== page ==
On August 5, 2013, the Secretary General released his Report on the Girl Child. The Report recognized the rights of all children, including girl children, and that such recognition is the obligation of every state. These rights include the right to enjoy the highest attainable standard of health and the right to rest, leisure, play, recreational activities, cultural life, and the arts. The Report warns that in adolescence, these rights are challenged due to domestic responsibilities, protective concerns of parents, and a lack of facilities. Girls are more likely to become victims of sexualization in the media, sexual abuse, and exploitation via internet and tourism.
One of the Report’s biggest issues discussed was violence against girls. The Report asserts the elimination of all forms of violence against women and girls, particularly female genital mutilation and negative cultural attitudes and practices affecting girls. The Report encourages all parties to raise awareness, enforce legislation, allocate resources to protect women and girls, and promote girls’ rights, including education, health, and participation in economic and political life. The Report also notes that women and girls with disabilities are particularly vulnerable to violence during conflicts and natural disasters and that girls in the juvenile justice system require special protection against violence, physical and sexual.
In terms of education, the Report states that 53% of the 61 million children out of school are girls. While this is a decrease from past years, global averages do not adequately reflect the disparities between regions; enrolment and completion of school for girls in Sub-Saharan Africa and South and West Asia lag behind other countries. The Report notes that in countries with limited resources, secondary education is harder to receive for girls. In general, the Report notes that it is difficult for girls to attend school due to gender discrimination, adolescent pregnancy, health factors, and choosing labor over education to provide income for the family.
The Report warns that gender discrimination in its many manifestations serves as an economic impediment. Girls often deal with household poverty and may be taken out of school to work in inappropriate environments or to marry early. Such discrimination can also make it difficult for migrating girls in getting access to support systems, sometimes forcing them to engage in beg or engage in transactional sex. Girls are at far greater risk of sexual violence and harmful practices including FGM, child or forced marriage, honour killings, acid attacks, sexual slavery, breast ironing, and virginity testing. Other manifestations include the substantial deficit in the ratio of girls to boys born in some countries.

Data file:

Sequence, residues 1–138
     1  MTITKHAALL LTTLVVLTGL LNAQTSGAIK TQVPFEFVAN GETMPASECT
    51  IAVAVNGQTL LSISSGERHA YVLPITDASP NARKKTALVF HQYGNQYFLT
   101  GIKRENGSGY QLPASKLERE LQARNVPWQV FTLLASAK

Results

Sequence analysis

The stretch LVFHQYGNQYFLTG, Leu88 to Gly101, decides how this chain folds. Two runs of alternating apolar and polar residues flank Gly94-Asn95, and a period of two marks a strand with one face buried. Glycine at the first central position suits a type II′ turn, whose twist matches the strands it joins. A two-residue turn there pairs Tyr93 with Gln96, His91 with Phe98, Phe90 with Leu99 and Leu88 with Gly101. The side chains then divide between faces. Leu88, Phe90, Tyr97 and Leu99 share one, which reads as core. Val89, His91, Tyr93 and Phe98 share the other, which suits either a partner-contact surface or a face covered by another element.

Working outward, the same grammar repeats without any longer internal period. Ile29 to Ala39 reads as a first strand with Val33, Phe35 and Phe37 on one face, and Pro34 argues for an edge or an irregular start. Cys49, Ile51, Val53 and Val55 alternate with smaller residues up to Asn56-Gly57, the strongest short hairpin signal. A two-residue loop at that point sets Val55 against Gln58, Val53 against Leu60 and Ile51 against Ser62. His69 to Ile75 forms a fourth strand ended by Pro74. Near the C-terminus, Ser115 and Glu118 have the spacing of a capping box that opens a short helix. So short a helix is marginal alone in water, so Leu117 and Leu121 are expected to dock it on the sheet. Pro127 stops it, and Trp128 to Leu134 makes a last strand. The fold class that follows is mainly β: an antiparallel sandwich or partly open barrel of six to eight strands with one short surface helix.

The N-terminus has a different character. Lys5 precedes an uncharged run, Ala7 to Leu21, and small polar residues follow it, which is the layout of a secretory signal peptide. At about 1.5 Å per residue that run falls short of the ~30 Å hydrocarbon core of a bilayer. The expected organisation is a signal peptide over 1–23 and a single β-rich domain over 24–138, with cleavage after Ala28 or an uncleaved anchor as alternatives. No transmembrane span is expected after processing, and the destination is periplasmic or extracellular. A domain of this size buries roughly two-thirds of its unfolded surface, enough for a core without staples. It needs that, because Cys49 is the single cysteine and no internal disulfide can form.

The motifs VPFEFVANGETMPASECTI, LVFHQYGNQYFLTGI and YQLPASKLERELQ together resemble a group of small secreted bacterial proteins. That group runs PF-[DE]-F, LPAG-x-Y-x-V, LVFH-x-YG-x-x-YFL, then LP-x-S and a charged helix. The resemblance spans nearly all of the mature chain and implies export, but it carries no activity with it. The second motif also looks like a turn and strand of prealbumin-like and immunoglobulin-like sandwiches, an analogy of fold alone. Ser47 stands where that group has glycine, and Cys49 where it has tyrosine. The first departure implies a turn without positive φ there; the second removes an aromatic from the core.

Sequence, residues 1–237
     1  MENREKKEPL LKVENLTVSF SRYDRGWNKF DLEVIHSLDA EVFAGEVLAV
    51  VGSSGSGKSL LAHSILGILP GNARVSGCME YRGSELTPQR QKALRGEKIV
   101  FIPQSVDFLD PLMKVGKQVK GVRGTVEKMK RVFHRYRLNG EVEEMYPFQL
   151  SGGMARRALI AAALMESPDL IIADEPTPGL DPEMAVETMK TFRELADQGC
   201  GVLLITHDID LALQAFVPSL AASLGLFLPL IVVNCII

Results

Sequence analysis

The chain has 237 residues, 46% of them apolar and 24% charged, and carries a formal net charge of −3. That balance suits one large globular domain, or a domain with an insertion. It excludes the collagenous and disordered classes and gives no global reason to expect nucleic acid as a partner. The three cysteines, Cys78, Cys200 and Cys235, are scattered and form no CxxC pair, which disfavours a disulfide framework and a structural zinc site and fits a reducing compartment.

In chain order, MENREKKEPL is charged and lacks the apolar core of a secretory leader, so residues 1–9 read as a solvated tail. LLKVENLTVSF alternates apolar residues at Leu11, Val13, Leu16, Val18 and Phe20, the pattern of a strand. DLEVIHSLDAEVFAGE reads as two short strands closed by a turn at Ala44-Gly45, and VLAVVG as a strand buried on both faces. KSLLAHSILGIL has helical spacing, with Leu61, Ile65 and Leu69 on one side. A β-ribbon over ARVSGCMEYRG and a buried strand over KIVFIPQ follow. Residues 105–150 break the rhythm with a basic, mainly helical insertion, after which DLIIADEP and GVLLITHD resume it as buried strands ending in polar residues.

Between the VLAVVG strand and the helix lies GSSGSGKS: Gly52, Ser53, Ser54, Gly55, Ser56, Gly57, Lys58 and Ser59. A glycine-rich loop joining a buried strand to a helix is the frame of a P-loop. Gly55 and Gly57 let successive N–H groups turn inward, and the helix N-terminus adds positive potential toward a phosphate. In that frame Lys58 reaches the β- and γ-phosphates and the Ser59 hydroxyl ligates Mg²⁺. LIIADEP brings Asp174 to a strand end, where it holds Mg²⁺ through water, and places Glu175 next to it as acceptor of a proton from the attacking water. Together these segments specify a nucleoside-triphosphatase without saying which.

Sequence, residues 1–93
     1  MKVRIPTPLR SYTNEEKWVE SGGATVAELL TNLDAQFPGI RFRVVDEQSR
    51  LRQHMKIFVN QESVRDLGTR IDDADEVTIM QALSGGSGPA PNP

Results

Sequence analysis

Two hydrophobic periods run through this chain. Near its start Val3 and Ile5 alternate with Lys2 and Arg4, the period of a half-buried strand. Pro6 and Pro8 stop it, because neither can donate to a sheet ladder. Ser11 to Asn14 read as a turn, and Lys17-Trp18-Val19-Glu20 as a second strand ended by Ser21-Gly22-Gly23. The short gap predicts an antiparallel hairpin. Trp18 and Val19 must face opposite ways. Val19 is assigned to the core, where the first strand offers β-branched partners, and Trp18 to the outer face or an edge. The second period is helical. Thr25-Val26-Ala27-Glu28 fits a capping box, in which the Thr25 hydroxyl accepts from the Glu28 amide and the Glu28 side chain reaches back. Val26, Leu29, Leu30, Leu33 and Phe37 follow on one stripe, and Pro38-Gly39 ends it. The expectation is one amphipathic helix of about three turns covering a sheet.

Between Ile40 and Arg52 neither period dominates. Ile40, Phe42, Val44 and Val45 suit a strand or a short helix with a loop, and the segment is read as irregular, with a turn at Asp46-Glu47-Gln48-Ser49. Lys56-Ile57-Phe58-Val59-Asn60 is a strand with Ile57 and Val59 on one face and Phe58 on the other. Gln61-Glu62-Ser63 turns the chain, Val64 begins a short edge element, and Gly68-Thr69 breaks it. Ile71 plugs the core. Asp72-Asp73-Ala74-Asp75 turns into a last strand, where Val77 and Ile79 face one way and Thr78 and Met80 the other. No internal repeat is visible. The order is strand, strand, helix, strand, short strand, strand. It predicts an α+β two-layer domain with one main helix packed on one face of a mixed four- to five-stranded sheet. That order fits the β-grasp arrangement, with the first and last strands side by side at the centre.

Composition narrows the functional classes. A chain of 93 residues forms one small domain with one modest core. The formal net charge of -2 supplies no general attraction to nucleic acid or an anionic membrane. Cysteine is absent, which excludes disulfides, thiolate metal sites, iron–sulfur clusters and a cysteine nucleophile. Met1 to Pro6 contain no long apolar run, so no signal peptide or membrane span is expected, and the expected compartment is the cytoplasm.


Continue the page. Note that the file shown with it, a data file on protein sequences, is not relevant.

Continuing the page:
Other issues noted in the Report include the risks of adolescent pregnancy, inadequate aid for mental health issues, sexually transmitted diseases, nutrition risks including anemia, and unsafe water and inadequate sanitation. The Report notes that girls with mental health issues in low and middle-income countries particularly suffer from anxiety and mood disorders. The Report also warns of the risks of anemia, which has negative impact on maternal and infant health and learning capability. The Report also notes that girls under 15 years old are 50% more likely to be responsible for collecting water, and the time spent walking long distances to collect water reduces the time they can spend on education and healthcare. Girls involved in child labor are often exploited into slavery or servitude. In conflicts, girls are more likely than boys to lack schooling, food, and health services, and are also face widespread recruitment for non-combatant purposes, especially abduction for use of sex slaves and exploitation.
The Report focuses on the creation of recognizing child-headed households in Africa, Asia, Latin America, and Eastern Europe. The Report encourages governments to recognize such households as a group with specific needs, including legal rights and education on family planning and sexual health. The Report stresses that governments must ensure girls who head households are legally recognized with rights including land ownership, access to financial and social and health services, and access to measure that reduce the likelihood of missing or leaving school.
The Report encourages all parties to strengthen education, from providing quality education for all children to enrolling refugees in local schools. Calling gender inequality in education as a “matter of urgency”, the Report calls on educational systems to recognize free and compulsory quality education as a judicial right supported by evidence-based planning and monitoring, quality budgets, and minimal barriers to access. The Report encourages interventions to improve girls’ enrollment, primary school completion, secondary school education, and reception of scholarships. Such interventions should come from communities that encourage parents to support their daughters’ right to education. The Report warns that accelerated progress in girls’ education requires effort to ensure that actual experiences of female students and their status within families and communities are addressed with responsive policies and strategies.
Young Afghan Girl Attends UNICEF-Supported School
The Report overall encouraged participation of girls in the education of and the promotion of girls’ rights. This not only includes improving girls’ education, but also with access to health services, menstrual hygiene management, sex-segregated toilet facilities in school, inclusion of marginalized girls, use of evidence to inform the promotion of girls’ rights, and enacting and enforcing laws concerning the legal age of consent and minimum age for marriage.
Written By: Soyeon Kim, WGG Intern Fall 2013